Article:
FIVE MOST IMPORTANT RACES REMAINING ON THE CUP SCHEDULE

It is crunch time. We are into the second half of the season and there are seven races left to determine the 12 Chase drivers. After that, it’s a 10-race sprint for the Cup. Every race from hereon in is important, but some loom larger than others. Here are five to watch:

5. Watkins Glen (Aug. 9): The two road course races give some drivers fits and give others a rare opportunity for a good finish. There are always a few surprises after the checkered flag waves. Witness the Sonoma race in June that had Marcos Ambrose in third and A.J. Allmendinger, Clint Bowyer and Elliott Sadler in the top ten. The historic New York venue could shake up the championship standings.

4. Bristol (Aug. 22): Thunder Valley (pictured above) is known as a special place and the night contest in August is known as a special race. It pays as many points as any other event but teams and fans place it on a pedestal. This race is mentioned with the 600, Daytona and The Brickyard for preferred wins. But there is always carnage. Many an innocent bystander has had his fast ride removed with a flatbed truck. As a driver I would never want to enter Bristol needing points to stay off the bubble, especially with only two races to The Chase after this one.

3. Martinsville (Oct. 25): The Virginia half-mile is tight, hard on equipment, makes passing difficult and is the slowest track on the tour. All of this usually makes it one of the best races. A lot less engineering and a lot more racing come into play, which is the way it should be. But when there is trouble, there is little room for escape. Polite drivers don’t always get rewarded here. This 500-lap contest starts the second half of the 10-race Chase. With only four races remaining after the checkered waves, some of the championship contenders who are victims won’t have much time to recover.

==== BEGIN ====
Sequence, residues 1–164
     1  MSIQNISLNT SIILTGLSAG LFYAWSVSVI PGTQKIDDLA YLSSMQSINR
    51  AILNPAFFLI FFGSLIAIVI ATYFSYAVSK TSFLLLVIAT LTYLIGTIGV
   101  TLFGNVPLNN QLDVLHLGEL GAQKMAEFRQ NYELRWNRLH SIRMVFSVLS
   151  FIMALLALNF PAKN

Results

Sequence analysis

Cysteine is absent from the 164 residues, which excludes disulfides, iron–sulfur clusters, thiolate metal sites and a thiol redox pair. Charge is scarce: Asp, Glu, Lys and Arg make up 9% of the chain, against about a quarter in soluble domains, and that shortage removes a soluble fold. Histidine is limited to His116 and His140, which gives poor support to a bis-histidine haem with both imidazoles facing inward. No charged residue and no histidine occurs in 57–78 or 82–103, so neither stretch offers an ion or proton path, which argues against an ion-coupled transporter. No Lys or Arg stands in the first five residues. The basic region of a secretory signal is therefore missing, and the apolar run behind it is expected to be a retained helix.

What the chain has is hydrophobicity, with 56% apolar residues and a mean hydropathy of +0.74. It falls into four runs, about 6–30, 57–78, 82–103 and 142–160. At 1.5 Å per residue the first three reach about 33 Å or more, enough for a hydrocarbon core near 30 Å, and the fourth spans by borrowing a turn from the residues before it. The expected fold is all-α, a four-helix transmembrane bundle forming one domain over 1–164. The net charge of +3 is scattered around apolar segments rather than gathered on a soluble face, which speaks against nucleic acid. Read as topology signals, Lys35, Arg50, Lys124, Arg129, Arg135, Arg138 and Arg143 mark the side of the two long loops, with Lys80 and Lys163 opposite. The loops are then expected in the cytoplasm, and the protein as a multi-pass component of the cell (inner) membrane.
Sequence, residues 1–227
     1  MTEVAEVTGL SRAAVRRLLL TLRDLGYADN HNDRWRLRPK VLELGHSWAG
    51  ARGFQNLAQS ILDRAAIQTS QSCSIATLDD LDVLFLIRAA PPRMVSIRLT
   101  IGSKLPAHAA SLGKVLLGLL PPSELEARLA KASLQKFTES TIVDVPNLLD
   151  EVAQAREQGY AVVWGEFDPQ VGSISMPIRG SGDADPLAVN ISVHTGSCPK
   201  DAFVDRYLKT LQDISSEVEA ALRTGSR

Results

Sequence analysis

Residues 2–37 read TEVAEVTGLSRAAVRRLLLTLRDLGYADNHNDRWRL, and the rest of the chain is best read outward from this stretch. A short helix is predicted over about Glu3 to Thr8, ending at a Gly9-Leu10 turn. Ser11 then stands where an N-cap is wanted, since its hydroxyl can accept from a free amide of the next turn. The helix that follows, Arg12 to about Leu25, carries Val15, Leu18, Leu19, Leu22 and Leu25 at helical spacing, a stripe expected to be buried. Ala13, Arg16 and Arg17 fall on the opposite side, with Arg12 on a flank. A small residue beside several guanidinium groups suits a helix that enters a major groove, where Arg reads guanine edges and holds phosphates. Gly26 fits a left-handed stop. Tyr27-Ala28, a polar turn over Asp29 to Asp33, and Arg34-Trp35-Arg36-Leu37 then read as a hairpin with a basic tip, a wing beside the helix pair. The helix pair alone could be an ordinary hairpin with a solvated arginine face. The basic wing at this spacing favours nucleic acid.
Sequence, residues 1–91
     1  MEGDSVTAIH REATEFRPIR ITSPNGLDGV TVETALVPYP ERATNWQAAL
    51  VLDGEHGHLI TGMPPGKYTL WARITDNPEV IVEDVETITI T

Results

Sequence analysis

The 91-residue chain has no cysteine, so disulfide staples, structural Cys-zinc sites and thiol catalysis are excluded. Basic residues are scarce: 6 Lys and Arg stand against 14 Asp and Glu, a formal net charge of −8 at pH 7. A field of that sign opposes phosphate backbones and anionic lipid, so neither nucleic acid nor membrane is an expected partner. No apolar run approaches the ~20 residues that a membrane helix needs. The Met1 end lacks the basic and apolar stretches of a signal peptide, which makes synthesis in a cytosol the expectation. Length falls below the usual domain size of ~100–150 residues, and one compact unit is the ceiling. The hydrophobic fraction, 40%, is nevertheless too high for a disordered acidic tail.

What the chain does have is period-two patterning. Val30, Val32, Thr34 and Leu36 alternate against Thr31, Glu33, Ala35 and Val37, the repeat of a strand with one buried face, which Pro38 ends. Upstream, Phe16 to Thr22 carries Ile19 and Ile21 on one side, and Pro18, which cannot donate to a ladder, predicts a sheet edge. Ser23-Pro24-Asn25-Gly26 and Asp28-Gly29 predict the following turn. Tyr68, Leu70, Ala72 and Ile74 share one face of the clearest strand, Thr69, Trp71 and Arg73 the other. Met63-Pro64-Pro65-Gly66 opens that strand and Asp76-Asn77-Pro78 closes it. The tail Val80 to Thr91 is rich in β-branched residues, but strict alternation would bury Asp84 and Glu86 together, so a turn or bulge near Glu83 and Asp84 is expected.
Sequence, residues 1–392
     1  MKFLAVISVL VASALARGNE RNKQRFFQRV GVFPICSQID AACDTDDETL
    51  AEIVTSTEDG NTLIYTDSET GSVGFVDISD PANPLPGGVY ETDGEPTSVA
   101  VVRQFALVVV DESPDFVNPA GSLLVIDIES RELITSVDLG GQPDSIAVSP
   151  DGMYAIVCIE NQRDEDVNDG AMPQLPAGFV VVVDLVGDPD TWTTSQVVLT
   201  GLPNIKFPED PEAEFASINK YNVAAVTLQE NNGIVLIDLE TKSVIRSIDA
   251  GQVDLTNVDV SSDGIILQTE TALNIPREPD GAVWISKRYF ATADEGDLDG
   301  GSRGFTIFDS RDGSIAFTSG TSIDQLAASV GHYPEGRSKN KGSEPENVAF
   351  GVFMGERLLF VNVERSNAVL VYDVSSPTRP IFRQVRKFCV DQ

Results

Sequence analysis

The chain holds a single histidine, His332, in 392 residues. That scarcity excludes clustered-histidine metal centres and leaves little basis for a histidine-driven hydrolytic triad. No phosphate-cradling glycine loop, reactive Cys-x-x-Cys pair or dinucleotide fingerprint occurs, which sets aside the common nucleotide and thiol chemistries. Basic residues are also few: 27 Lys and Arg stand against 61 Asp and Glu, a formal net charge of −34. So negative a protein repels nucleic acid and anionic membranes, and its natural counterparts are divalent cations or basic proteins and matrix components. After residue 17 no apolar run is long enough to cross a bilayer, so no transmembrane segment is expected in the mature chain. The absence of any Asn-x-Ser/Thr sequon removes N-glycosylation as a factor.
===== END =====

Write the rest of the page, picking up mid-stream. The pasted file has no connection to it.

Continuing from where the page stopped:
2. Talladega (Nov. 1): You cannot run and you cannot hide. That sounds like a promotion for a scary movie but it best describes restrictor-plate racing on the Alabama superspeedway. As bad as short tracks are for sweeping up drivers who mind their own business, nothing can hold a candle to Talladega. Being up front or staying in the back are nice ideas on paper but there are plenty of mid-race garage interviews given by guys who unsuccessfully tried those strategies. There is no safe place. By the same token, there are plenty of opportunities to recover lost laps. A strong engine and a slick body are all that matter here. Every car handles well. Every car drafts well. Just pick the correct lane at the finish and miss the big one. Those last two are Herculean tasks.

1. Homestead (Nov. 22): The track and uniqueness of the event are not the issue. It is the timing. The November 400-miler is last call. There are no more weeks to make up anything. Whatever you have achieved at the end of the day is all you have. There is no more next week. This one does not set you up for anything else. Final points are listed following only one race per year.

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